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Developers get hooked on Java

No other development language has spread across the computer industry as quickly as Java, which has garnered a record amount of interest from the corporate installations that are normally most reluctant to adopt new technologies.

No other development language has spread across the computer industry as quickly as Java, the cross-platform language pioneered by Sun Microsystems (SUNW), which has garnered a record amount of interest from the corporate installations that are normally reluctant to adopt new technologies.

Despite its youth--Java debuted only one year ago--recent analyst reports indicate that an astonishing 60 percent of developers in Fortune 1000 companies expect to be actively developing Web applications in Java within the year.

What's more, it looks like corporate developers will be relying on Java instead of C++ or other more familiar languages to build both cutting-edge Web apps and nuts-and-bolts information systems, which all but guarantees Java's long-term acceptance by corporate IS.

The Javafest is compelling, even for large and usually conservative businesses, for a myriad of reasons.

The most important reason is Java's main claim to fame: Applets are small, easy to distribute over the Net, and truly platform-independent. A single applet can run on Windows, Unix, and Macintosh systems without modification, greatly reducing development costs for companies who support multiple operating systems. Try this with C++ or Visual Basic and you'll see why companies jump at the chance to use a language designed to be portable.

Java also doesn't require the massive retraining that some earlier language shifts did. Java's syntax is very similar to that of C++, meaning that developers can learn the language and start building working applications in as little as four weeks, according to analysts.

Lost somewhere in the Java hoopla is the fact that current Java development tools are woefully inadequate for building the nuts-and-bolts IS applications, like payroll, order entry, and e-commerce systems commonly linked to back-end databases. And although applets are small, when they are combined with the requisite client software, Java applications can require significant resources.

This means that, so far, most Java applets are little more than window-dressing trinkets on Web pages, such as spinning logos and flapping mailboxes.

But with the Java hype machine in overdrive and fueled by major industry players such as Netscape Communications, Microsoft and Oracle, there is little doubt that the tools necessary for building Java systems that rival existing client-server applications are more than a few months off.

"Java will become a major piece of the corporate computing landscape," said Stan Dolberg, an analyst with Forrester Research. Dolberg said that in a recent survey conducted by Forrester, some 60 percent of corporate IS developers said they will be actively working with Java in a year, and that Java will become a strategic language for new development within two years.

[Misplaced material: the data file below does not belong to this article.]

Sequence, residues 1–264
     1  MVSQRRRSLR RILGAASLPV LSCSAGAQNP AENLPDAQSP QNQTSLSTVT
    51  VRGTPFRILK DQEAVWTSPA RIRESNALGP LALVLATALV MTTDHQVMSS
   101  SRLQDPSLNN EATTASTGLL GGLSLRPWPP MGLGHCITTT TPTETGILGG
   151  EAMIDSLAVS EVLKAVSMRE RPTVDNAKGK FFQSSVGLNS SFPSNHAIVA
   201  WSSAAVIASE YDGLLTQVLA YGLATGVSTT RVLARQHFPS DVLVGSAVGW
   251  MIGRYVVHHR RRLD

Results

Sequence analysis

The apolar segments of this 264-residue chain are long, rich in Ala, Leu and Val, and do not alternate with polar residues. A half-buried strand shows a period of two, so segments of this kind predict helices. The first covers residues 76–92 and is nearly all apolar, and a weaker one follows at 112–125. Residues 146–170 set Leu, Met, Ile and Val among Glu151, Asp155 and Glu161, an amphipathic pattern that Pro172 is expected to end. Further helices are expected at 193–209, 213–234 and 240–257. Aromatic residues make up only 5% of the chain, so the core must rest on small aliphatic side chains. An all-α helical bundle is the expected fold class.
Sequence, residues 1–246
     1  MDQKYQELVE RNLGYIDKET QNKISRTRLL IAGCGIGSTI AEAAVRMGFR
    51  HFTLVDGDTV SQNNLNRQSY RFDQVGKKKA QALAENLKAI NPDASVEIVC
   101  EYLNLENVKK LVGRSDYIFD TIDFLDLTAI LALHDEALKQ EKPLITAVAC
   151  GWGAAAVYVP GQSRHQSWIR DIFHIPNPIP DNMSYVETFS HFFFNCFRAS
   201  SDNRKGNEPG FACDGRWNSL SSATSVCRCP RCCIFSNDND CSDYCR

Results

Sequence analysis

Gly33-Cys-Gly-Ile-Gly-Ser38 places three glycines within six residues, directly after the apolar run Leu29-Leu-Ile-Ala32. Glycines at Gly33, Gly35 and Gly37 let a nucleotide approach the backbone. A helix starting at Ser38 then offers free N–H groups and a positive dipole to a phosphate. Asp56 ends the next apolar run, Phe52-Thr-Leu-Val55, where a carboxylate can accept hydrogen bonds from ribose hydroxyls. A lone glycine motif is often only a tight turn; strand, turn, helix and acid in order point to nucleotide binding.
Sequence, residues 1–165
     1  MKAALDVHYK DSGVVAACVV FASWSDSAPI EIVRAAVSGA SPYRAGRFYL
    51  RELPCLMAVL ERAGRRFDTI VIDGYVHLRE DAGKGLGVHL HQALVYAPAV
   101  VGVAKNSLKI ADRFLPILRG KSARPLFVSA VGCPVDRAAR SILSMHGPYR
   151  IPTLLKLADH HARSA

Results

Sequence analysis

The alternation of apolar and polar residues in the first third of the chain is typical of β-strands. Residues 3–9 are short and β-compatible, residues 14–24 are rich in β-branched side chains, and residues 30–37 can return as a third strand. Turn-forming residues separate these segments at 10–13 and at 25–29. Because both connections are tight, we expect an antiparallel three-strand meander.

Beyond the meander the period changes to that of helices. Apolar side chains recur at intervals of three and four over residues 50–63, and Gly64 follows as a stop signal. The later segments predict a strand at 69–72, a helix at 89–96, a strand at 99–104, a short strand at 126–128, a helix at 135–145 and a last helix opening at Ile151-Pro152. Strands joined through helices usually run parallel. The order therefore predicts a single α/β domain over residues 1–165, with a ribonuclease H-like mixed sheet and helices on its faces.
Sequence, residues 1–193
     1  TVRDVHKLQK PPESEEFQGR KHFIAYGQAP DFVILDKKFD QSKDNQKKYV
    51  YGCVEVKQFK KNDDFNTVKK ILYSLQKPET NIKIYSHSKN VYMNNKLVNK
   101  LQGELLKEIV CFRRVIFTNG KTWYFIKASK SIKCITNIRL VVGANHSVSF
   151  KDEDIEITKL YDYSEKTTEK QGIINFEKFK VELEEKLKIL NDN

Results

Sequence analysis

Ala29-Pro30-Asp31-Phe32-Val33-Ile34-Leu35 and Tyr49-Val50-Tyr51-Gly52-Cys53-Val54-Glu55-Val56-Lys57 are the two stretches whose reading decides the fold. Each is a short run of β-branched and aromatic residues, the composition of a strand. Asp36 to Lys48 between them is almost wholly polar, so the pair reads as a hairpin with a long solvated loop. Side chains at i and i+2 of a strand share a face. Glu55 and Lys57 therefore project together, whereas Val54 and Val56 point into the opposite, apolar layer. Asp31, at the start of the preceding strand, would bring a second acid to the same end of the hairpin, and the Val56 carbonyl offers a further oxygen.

"Java won't take over the corporate landscape. But corporations are drawing a line in the sand for client-server development, and saying that for new development, they will focus on new technologies like Java," said Dolberg.

New Java-based tools that mimic the database-centric tools found in IS favorites such as Powersoft's PowerBuilder, Microsoft Visual Basic, and other tools, are now shipping, or are slated to debut in the coming months. Symantec, which shipped one of the first Java development toolsets earlier this year, last month shipped Visual Caf?, a Java-based graphical package. Powersoft said it will ship a toolset code-named Starbuck, for building server-side Java applications by mid-1997. And IBM recently debuted tools for building cross-platform Java applications.

The availability of these tools should secure Java's place with corporate IS for some time. In fact, while Java and the Internet have become synonymous, IS developers are also eyeing Java for non-Internet related applications, according to a recent survey by Morgan Stanley.

The developers were surveyed while attending a recent Java development conference so the results were probably biased in favor of Java. Nevertheless, more than 75 percent of attendees surveyed said they plan to use Java to build plain, old internal corporate applications.

Those same attendees pointed out that current Java tools are incomplete and require better debuggers, increased performance, and better database support. But nearly all lauded Java's cross-platform capabilities.

While Java's cross-platform advantages are its main attraction now for corporate developers, Forrester predicts that companies will appreciate Java in coming years mainly because it will help them deploy new applications of all kinds. The Forrester research indicates that the main use for Java among IS shops will be to build software delivery systems using Java applets and broadcast, or push, networks. These networks will cut the time and effort it takes to install and update software, especially across large enterprises with multiple locations.

"People will move to dynamically delivered applications that can easily be kept in sync with changing business conditions," said Dolberg.

Dolberg said one-third of IS developers polled by Forrester said they would stop installing code on client systems completely within two years, and will instead rely on Java applets pushed across corporate networks. That could make Java an indispensable ingredient in corporate applications.